I include daily tasks such as doing the dishes, feeding my dog, Angel, or making dinner for my wife, as part of my accomplishments after all they are things that need to be done. I include anything I do that accomplishes something or is progressive.
So far this seems to be working. In the past just having things listed on my "to do" list was enough to motivate me to get them done. But now I find myself needing my "actions list" every day to keep me focused.
I still have my "to do" list but the action of moving the task from the list for that day to the "9" list, because I've finished it, gives me that sense of accomplishment.
I guess because of the way my mind works I need to do this "9 things" list. It's not the solution to all the problems in my life. In many ways I am not the man God wants me to be. Nor am I the person I aspire to be. But having a goal each day up gives me a direct sense of purpose.
My faith as a Christian makes me certain of where I will ultimately be one day but what I'm having trouble with is finding the path to the end of the journey.
Keeping track of the things I accomplish every day helps me to expand my vision and gives me the confidence that I can achieve my long term goals. So far the "Daily 9" is working for me.
My prayer is that it will be one of the tools that will help me reach the things that have, up to now, been just beyond my grasp.
Before I wrap up this post I need to mention how sad I was to hear about the death of Robin Williams.
For more than 4 decades he was an important a part of the American entertainment scene. He touched millions of lives in throughout the many facets of his career.
For me personally, his movie, Patch Adams, was the first film Paula and I ever saw together at the theater. We were watching "Bicentennial Man" when the clock struck midnight at the turn of the century; our first New Year's Eve together.
His performance as the genie in Disney's Aladdin makes the character one my all time favorites.
Williams ran the gambit of show business success. He went from stand up comic, to TV star, to Oscar winning film actor.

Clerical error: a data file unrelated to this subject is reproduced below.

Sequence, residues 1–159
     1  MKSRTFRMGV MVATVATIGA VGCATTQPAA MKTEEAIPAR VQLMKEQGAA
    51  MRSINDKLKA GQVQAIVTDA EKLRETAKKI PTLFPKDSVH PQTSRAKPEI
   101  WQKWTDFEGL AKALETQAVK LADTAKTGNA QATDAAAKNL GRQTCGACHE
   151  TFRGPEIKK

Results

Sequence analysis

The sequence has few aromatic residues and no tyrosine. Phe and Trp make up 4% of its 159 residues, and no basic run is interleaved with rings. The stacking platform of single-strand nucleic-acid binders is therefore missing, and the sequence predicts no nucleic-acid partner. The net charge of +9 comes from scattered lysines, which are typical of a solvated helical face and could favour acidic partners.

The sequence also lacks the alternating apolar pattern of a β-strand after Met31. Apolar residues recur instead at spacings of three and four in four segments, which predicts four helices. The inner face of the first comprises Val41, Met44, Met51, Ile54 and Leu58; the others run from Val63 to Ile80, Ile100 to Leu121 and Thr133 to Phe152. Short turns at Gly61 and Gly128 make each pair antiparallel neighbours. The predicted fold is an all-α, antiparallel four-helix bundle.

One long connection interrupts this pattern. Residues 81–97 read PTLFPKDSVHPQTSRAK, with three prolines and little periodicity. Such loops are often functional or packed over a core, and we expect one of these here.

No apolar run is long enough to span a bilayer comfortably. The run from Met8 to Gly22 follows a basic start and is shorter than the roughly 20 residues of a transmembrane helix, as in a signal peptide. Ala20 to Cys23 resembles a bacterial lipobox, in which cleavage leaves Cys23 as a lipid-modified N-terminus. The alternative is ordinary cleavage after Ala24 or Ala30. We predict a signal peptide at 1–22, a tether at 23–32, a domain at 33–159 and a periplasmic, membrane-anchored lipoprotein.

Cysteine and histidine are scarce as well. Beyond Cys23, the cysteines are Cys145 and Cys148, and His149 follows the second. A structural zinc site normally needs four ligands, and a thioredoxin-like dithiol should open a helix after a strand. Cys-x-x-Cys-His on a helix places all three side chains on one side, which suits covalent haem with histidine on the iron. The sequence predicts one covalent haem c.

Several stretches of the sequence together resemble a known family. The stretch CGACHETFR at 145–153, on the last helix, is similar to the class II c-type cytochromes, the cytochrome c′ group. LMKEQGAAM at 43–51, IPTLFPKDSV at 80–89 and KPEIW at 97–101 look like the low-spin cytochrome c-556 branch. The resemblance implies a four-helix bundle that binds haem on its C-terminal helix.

I was one of the few people who really enjoyed his TV series from last season, "The Crazy Ones." It had potential. Unfortunately in today's market shows have to be successful out of the gate. They aren't given time to find their stride. I can't help but wonder how much the cancellation of that show played in Williams battle with depression and his ultimate decision.
He was a show business superstar. His wit and improv skills were as quick and sharp as anyone I've ever seen. He was a dream guest for a talk show host. All the host had to do was ask one question and, like a wound top, Williams would spin out quips and improvisations that would get the audience howling with laughter.
Williams is probably the iconic representative of the stars that were born out of the great comedy universe created in the late 1970's (think of Saturday Night Live as it's "Big Bang). The only other performers who comes close to William's degree of success and longevity would be Steve Martin and Bill Murray.
I'm more a fan of Martin than Murray or Williams. But nonetheless there is no denying that Robin Williams, even though troubled on a personal level, was an entertainment icon spawned from the first generation of Americans to grow up with TV.
I could go on but my accolades pale in comparison to the millions already sent out on social media.
So let me take one last opportunity not to say "good-bye" to Robin Williams; but like his infamous character, Mork from Ork would do each week on his show, I'll simply say "Nanoo Nanoo."